Author: Danny Tobey
Publication date: January 7, 2020
Genre: science fiction, thriller
My rating: 4/5 stars
Welcome to The God Game! This book, and the game within it, feels like something straight out of a Black Mirror episode–“Shut Up and Dance” (the one with the blackmail text messages) especially comes to mind. Prepare yourself for moral dilemmas, the horrors of technology, the complexities of teenage friendship and high school life, and above all, a riveting plot that makes this book’s 450+ pages absolutely fly past. Just remember, even as you read this review: G.O.D. is always watching.
The plot of The God Game is at once complex and simple. Five high school seniors, who refer to themselves as the Vindicators, spend their time coding and executing the occasional practical joke. When one of the group members, Peter, introduces the others to a game known as “The God Game,” run by an AI that was trained on all the world’s religious texts and literally believes itself to be God (or G.O.D., as it calls itself), the teens quickly find their lives consumed by the game’s endless quests, tests, and blackmail. Following G.O.D.’s directions earns you Goldz, which lead to real-world rewards of cash and favors, while disobedience earns you Blaxx, which bring real-life consequences ranging from embarrassment to physical violence to actual death. What starts as just some innocent pranks (changing a street sign to read “DONALD TRUMP IS A SHAPE-SHIFTING LIZARD,” for example) quickly morphs into lying, cheating, vandalism, and worse. As the game takes over the Vindicators’ lives, blurring the lines of reality through the use of AR glasses, they soon realize that playing the game is a risky endeavor…but getting out might prove fatal.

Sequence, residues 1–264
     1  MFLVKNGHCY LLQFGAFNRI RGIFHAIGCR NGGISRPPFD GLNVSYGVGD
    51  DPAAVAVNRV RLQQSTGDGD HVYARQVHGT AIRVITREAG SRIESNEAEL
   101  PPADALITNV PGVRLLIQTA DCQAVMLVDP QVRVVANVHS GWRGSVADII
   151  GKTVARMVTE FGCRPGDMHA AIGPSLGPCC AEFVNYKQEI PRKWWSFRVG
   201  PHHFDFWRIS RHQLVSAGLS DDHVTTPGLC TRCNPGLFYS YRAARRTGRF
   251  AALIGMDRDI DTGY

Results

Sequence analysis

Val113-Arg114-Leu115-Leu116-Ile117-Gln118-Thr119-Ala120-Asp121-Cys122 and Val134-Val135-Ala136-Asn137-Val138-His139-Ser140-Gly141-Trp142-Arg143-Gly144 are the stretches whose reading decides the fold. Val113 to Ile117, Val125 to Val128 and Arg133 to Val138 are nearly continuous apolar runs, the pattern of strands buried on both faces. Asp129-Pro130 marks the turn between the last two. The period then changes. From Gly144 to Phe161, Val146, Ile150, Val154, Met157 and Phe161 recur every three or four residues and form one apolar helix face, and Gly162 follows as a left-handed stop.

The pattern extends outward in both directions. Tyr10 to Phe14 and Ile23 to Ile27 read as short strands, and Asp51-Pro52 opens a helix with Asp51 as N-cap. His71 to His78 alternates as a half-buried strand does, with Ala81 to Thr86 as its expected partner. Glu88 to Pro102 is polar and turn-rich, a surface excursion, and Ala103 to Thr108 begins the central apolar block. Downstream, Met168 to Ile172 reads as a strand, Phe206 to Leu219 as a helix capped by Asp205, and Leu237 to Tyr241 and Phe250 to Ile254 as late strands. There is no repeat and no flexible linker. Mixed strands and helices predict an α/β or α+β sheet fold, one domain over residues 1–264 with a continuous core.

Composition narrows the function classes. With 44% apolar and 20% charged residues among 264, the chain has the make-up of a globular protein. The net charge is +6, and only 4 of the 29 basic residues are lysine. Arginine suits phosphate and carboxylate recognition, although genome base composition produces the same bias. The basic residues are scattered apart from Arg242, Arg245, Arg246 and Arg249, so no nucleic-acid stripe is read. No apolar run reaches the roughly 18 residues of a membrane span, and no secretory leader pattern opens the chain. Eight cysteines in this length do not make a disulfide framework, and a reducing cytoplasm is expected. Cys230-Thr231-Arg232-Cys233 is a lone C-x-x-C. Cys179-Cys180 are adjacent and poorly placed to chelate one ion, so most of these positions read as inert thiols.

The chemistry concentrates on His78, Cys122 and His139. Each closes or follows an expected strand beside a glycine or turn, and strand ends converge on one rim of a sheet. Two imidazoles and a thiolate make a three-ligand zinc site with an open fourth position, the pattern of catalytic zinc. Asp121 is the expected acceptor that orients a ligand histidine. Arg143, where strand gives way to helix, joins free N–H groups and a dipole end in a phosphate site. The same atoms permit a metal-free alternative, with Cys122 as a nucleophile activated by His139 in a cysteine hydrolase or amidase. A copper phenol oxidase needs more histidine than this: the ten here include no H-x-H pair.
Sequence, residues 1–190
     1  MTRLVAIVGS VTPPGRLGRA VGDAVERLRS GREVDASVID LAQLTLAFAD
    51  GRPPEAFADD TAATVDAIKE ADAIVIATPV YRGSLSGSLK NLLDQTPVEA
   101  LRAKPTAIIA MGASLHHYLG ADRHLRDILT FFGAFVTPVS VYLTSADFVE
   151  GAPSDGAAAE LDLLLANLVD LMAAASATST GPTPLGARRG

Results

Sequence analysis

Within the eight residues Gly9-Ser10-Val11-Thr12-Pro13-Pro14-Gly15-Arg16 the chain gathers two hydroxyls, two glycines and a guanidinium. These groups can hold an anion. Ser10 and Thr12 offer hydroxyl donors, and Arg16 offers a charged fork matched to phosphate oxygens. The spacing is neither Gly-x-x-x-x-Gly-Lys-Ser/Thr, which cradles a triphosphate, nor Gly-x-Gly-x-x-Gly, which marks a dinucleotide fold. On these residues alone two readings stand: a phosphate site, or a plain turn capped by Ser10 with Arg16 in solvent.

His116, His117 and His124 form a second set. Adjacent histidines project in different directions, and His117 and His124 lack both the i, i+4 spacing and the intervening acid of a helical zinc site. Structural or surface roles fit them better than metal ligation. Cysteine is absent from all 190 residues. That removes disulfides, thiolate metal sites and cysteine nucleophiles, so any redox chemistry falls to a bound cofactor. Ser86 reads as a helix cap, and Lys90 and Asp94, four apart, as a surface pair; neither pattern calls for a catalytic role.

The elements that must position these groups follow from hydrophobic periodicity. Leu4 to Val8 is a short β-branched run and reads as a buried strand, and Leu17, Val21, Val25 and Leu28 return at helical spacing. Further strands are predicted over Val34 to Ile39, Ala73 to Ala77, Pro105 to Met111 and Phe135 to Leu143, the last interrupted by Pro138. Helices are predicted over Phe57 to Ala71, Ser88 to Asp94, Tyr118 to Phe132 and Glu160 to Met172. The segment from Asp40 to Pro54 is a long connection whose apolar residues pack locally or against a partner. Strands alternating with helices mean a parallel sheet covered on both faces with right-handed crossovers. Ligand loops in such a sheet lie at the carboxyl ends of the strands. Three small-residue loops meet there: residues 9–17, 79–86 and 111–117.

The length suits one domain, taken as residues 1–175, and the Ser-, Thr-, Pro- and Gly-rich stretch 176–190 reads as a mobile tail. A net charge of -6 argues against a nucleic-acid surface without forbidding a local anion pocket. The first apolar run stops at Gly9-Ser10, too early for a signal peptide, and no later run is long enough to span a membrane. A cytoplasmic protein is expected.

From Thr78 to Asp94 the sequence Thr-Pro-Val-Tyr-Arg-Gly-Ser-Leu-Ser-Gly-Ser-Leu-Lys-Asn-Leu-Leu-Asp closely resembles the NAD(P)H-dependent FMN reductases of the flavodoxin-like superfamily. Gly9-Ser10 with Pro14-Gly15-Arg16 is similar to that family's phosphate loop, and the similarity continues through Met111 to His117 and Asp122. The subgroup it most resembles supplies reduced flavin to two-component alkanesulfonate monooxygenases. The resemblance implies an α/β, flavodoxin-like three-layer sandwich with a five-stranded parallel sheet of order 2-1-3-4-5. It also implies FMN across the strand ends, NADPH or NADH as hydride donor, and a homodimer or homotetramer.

There were three elements of The God Game that really made it work for me: the eerily prescient premise, the character development, and the breakneck pace and turns.